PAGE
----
Knowing exactly what the essay graders look for will help you properly structure the GRE argument essay.
In this video, the GRE Expert Nick from Kaplan presents his recommended GRE essay template.
Before you start structuring your essay, it is very important to know exactly what the graders want to see. This is going to determine how you approach and write your essay. Generally, they are interested in five key elements:
First, they want to make sure you respond to the specific instructions of the prompt. Second, they want to make sure you understand the complexities of the argument. Third, they want you to understand how to organise your essay into discrete paragraphs. Fourth, they want to make sure you know how to use evidence and examples to support your position. Finally, they want you to avoid making many grammatical errors.
With the introduction paragraph you simply want to show the essay graders that you understand what you have to do. The task in an argument essay is to understand the main conclusion of the author, the claims they use to support that conclusion, and to uncover the underlying assumptions. In that sense, the structure of your introduction shows right away if you understand all of this. It is also a good idea to use a lot of keywords. The graders love it.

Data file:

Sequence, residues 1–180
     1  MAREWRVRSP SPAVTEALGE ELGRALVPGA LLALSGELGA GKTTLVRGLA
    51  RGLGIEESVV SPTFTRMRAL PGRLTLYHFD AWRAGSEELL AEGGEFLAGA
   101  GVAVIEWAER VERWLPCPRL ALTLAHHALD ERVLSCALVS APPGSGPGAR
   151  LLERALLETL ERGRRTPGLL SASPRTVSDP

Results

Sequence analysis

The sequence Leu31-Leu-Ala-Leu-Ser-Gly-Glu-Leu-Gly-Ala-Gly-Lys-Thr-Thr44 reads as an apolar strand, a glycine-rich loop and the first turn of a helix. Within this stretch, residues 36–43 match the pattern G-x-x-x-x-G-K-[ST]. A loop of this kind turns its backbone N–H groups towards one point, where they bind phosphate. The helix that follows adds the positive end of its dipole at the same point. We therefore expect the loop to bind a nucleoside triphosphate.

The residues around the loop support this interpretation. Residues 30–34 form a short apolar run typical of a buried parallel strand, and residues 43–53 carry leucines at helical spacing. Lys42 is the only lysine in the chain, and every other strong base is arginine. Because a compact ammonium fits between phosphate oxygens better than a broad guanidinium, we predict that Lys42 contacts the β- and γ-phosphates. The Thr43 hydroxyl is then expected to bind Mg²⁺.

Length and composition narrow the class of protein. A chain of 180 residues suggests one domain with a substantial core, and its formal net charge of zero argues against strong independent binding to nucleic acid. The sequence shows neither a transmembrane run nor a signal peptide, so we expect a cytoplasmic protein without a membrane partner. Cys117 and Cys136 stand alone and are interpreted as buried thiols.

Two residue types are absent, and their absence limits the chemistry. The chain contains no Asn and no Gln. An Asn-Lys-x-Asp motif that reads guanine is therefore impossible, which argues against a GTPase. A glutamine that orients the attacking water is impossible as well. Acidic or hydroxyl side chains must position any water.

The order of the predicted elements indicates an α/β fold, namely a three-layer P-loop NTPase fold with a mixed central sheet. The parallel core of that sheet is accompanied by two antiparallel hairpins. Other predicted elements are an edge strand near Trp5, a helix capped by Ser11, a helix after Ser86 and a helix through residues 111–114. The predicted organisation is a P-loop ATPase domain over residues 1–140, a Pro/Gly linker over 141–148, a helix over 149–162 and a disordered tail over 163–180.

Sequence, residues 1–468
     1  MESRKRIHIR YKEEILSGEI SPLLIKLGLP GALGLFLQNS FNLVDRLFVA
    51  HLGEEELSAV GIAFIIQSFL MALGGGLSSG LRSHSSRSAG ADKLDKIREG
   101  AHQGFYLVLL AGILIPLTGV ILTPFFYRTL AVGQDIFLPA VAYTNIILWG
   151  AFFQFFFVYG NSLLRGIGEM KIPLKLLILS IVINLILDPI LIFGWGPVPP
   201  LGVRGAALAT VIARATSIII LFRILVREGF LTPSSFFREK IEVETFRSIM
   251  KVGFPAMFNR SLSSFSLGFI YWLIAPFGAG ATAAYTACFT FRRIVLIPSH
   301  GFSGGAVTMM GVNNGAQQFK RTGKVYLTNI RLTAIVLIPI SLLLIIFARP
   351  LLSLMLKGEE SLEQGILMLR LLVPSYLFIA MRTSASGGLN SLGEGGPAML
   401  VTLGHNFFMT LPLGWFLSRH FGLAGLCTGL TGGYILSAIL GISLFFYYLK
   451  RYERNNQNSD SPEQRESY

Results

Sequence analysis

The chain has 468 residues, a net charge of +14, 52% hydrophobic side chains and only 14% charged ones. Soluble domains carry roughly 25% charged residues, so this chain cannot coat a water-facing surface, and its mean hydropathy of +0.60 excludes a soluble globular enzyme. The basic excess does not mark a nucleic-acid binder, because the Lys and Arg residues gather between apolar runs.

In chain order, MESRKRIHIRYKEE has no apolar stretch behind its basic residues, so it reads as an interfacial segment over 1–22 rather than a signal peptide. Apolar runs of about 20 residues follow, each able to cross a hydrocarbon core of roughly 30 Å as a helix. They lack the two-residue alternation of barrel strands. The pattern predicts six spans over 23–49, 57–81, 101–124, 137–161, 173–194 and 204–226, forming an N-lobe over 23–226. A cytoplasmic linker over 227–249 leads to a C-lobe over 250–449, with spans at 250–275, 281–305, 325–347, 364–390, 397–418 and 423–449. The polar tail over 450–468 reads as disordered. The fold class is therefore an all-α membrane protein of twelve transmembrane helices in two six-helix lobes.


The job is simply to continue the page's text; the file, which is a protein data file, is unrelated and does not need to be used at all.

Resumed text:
Each paragraph that is part of the body of the text has to be centred on one core assumption. First, you present one of the major assumptions of the author using a strong active voice. Then, you talk about what the impact would be if that assumption proves to be false. It is good practice to use the three Fs as transition keywords for the body paragraphs: first, furthermore, and finally. The most important aspects of the body paragraphs include explaining the assumptions, supporting them with evidence and examples as well as developing your own ideas and thoughts.
Finally, the purpose of the conclusion is to establish credibility. At the end of the essay, you will want to remind the graders that you understand the task at hand. Return to your central idea and state that the author makes a potentially good point although there is still not enough evidence to conclude that this is the best way to go.
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